Stephen G. Simpson
Department of Mathematics
Pennsylvania State University

March 6, 2008 (references updated May 8, 2008)

This is an abstract for my talk at Workshop ID Number 0815,
Mathematical Logic: Proof Theory, Constructive Mathematics, organized
by Samuel R. Buss, Ulrich Kohlenbach, and Helmut Schwichtenberg, April
6-12, 2008, Mathematisches Forschungsinstitut Oberwolfach,


A set P included in {0,1}^N may be viewed as a mass problem, i.e., a
decision problem with more than one solution.  By definition, the
solutions of P are the elements of P.  A mass problem is said to be
solvable if at least one of its solutions is recursive.  A mass
problem P is said to be weakly reducible to a mass problem Q if for
each solution of Q there exists a solution of P which is Turing
reducible to the given solution of Q.  A weak degree is an equivalence
class of mass problems under mutual weak reducibility.  The lattice
D_w of all weak degrees is due to Muchnik 1963.  There is an obvious
embedding of the Turing degrees into D_w.

A set P included in {0,1}^N is said to be Pi^0_1 if it is effectively
closed, i.e., it is the complement of the union of a recursive
sequence of basic open sets.  Let P_w denote the sublattice of D_w
consisting of the mass problems associated with nonempty Pi^0_1
subsets of {0,1}^N.  The lattice P_w has been investigated by Simpson
and his collaborators.  There is a non-obvious but natural embedding
of the recursively enumerable Turing degrees into P_w.  It is known
that P_w contains many specific, natural weak degrees which are
related to various topics in the foundations of mathematics.  Among
these topics are reverse mathematics, algorithmic randomness,
Kolmogorov complexity, almost everywhere domination,
hyperarithmeticity, effective Hausdorff dimension, resource-bounded
computational complexity, and subrecursive hierarchies.


Let A be a finite set of symbols.  The full two-dimensional shift on A
is the dynamical system consisting of the natural action of the group
Z x Z on the compact space A^ZxZ.  A two-dimensional subshift is a
nonempty closed subset of A^ZxZ which is invariant under the action of
ZxZ.  A two-dimensional subshift is said to be of finite type if it is
defined by a finite set of excluded configurations.  The
two-dimensional subshifts of finite type are known to form an
important class of dynamical systems, with connections to mathematical
physics, etc.

Clearly every two-dimensional subshift of finite type is a nonempty
Pi^0_1 subset of A^ZxZ, hence its weak degree belongs to P_w.
Conversely, we prove that every weak degree in P_w is the weak degree
of a two-dimensional subshift of finite type.  The proof of this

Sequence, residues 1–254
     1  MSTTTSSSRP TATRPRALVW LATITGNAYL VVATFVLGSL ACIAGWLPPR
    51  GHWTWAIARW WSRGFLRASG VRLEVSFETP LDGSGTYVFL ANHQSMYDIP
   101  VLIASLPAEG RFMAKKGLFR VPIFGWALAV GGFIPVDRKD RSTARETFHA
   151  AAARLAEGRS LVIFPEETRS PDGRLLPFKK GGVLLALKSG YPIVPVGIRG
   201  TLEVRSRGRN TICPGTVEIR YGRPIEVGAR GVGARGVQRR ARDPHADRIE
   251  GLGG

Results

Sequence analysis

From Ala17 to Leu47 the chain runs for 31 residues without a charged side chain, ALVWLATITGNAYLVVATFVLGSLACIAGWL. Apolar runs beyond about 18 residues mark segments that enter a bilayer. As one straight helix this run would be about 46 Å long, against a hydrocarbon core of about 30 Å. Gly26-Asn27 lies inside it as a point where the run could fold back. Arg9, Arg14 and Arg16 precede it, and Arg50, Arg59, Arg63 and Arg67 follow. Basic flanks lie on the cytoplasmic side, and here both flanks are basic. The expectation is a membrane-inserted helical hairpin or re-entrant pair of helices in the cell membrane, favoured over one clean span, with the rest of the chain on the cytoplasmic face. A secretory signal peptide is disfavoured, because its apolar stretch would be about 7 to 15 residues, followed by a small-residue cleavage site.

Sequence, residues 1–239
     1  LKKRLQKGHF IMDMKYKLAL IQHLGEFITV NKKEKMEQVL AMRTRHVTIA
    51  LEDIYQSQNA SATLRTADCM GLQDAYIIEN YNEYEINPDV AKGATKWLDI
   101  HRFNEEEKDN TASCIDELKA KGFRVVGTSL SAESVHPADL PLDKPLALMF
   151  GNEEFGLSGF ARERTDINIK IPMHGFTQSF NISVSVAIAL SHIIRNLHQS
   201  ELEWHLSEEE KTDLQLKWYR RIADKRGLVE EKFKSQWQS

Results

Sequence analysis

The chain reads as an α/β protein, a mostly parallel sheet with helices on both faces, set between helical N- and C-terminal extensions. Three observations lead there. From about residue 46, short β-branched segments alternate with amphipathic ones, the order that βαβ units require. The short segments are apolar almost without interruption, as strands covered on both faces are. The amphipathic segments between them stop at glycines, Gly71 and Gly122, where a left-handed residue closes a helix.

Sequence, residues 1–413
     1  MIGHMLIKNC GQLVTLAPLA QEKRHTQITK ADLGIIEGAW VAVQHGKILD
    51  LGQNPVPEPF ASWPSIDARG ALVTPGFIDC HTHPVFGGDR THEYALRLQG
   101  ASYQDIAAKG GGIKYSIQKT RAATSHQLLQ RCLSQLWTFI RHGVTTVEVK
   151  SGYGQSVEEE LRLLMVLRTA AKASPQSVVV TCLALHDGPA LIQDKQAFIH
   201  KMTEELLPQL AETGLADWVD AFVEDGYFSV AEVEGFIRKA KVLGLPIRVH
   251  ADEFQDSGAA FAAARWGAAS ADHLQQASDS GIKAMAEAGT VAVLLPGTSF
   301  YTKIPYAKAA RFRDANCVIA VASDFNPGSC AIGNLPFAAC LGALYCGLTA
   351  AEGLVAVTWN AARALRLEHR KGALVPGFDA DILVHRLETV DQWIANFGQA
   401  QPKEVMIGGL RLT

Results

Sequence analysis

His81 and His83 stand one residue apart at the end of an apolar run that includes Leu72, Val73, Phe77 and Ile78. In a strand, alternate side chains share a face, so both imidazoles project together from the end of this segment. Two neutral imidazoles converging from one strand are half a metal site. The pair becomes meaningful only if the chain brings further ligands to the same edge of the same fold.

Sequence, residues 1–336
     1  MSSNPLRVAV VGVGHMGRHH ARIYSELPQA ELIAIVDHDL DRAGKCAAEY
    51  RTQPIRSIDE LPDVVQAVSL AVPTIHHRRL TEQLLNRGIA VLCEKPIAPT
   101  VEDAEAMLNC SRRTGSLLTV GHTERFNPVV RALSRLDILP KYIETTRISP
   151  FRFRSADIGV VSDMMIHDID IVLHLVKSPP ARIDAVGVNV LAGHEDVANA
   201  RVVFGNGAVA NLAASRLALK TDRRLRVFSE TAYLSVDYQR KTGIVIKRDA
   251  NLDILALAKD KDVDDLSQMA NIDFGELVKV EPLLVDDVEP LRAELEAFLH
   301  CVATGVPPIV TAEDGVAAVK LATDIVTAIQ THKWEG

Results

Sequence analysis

result uses tilings of the plane.  We present an application of this
result to symbolic dynamics.  Namely, we obtain an infinite family of
two-dimensional subshifts of finite type which are, in a certain
sense, mutually incompatible.  Our application is stated purely in
terms of two-dimensional subshifts of finite type, with no mention of
weak degrees.


Historically, the study of mass problems originated from
intuitionistic considerations.  Kolmogorov 1932 proposed to view
intuitionism as a ``calculus of problems.''  Muchnik 1963 introduced
weak degrees as a rigorous elaboration of Kolmogorov's proposal.  As
noted by Muchnik, the lattice D_w of all weak degrees is Brouwerian.

The question arises, is the sublattice P_w Brouwerian?  We prove that
it is not.  The proof uses our adaptation of a technique of Posner and


Stephen Binns and Stephen G. Simpson, Embeddings into the Medvedev and
Muchnik lattices of Pi^0_1 classes, Archive for Math. Logic, 43, 2004,

Joshua A. Cole and Stephen G. Simpson, Mass problems and
hyperarithmeticity, 20 pages, 2006, to appear in Journal of
Mathematical Logic.

Andrei N. Kolmogorov, Zur Deutung der intuitionistischen Logik,
Mathematische Zeitschrift, 35, 1932, 58-65.

Albert A. Muchnik, On strong and weak reducibilities of algorithmic
problems, Sibirskii Matematicheskii Zhurnal, 4, 1963, 1328-1341, in

David B. Posner and Robert W. Robinson, Degrees joining to 0', Journal
of Symbolic Logic, 46, 1981, 714-722.

Stephen G. Simpson, Mass problems and randomness, Bulletin of Symbolic
Logic, 11, 2005, 1-27.

Stephen G. Simpson, An extension of the recursively enumerable Turing
degrees, Journal of the London Mathematical Society, 75, 2007,

Stephen G. Simpson, Mass problems and almost everywhere domination,
Mathematical Logic Quarterly, 53, 2007, 483-492.

Stephen G. Simpson, Mass problems and intuitionism, Notre Dame Journal
of Formal Logic, 49, 2008, 127-136.

Stephen G. Simpson, Medvedev degrees of 2-dimensional subshifts of
finite type, 8 pages, 2007, Ergodic Theory and Dynamical Systems, to